Meet Chance, an UnCollege Fellow from Cohort 9:
From a small farm town in Illinois to having revelations about life, business, and learning in Brazil on his Voyage, Chance’s UnCollege Gap Year was rooted in one lesson: there is no such thing as a single right answer.
Turns out, the emphasis on searching for a single right answer is something that the education system gets wrong, and is an idea Chance sought to break away from when he embarked on his UnCollege experience with dreams of launching a business. “I had always thought about starting a business and I had no idea what that involved or entailed when I was in high school,” he said, noting that in his hometown, students typically either went to college to study something related to agriculture, or skipped the traditional collegiate path to go into farming. Although he respects the hometown profession, neither farm-based option was the path he wanted, but he did have something in common with his high school peers. Chance assumed business school was the best way to put his business savvy into practice. “College feels very forced where I'm from — the thought of becoming successful without going to college isn’t a common one,” he observed.
Chance admits that he wasn’t the most dedicated student in high school, but college did little to spark his creativity or ambition. “I wasn’t the most focused kid ever,” Chance said, explaining that he didn’t do due diligence in his college search, and split his time between playing video games in his dorm room and trying to drum up motivation to attend classes he just didn’t like. Despite having an idea of the business he wanted to start since high school, Chance’s college experience was an unfulfilling one: “Halfway through the year I started looking for alternatives.”
Enter UnCollege. In addition to Voyaging in Brazil, where he was confronted with a culture crash-course that changed his perspective, Chance saw UnCollege as a launching pad for more than his business ideas. "The main focus of the gap year for me was my business idea but it was really a mix of that and working on personal things I needed to get better at, like goal-setting and building habits.” Whereas during his freshman year, Chance never learned to budget his time, fascinating opportunities happening at his internship with a new small business meant he felt compelled to get organized, manage his time, and zero in on what mattered to him: “I think I got more concrete skills taking this gap year than I did in my first year of college.”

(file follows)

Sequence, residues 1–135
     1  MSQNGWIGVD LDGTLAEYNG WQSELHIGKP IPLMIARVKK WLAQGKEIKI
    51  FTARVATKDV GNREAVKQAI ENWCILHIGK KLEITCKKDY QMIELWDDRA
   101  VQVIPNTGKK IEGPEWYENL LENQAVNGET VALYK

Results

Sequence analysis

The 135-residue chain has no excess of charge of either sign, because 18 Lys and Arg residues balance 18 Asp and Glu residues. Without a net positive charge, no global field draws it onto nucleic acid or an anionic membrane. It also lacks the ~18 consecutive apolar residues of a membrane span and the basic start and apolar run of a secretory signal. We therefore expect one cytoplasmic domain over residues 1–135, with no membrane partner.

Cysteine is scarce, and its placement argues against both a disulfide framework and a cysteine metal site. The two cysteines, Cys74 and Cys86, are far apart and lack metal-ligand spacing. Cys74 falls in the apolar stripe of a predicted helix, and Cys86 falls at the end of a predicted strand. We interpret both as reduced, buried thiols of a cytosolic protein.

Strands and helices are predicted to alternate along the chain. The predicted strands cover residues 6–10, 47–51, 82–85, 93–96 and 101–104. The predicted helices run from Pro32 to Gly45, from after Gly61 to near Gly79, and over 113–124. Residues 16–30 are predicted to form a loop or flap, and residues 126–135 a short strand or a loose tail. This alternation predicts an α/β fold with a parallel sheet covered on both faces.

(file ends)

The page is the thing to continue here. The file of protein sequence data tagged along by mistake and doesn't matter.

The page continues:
“We’re not as creative because we’re in this system that makes you look for the right answer all the time,” Chance said, observing that his belief that there is no sole right answer is the biggest thing he’s learned throughout his gap year. Learning hands-on, sans required classes and plus experiencing the beginning stages of how a company operates, was the key to Chance unlocking his goals. That was the most significant appeal of UnCollege, in fact—“we’ll teach you what you want to learn.”
As for whether the next phase of Chance’s learning includes college? He lets Jack White of the White Stripes answer that one, noting that, when feeling creatively blocked, the guitarist puts confines on himself, such as only using the top half of the guitar or only playing certain cords. The idea was to stimulate out-of-the-box thinking, something Chance is employing in his own education: “My confinement is I’m not going back to college. I’m forcing myself to make something of my life without going back to school.” Though he might take a course he’s interested in, Chance says he has no plans to be a full-time student again. Instead, he’s going to chase the feeling he experienced on his Voyage: “You see things completely differently.”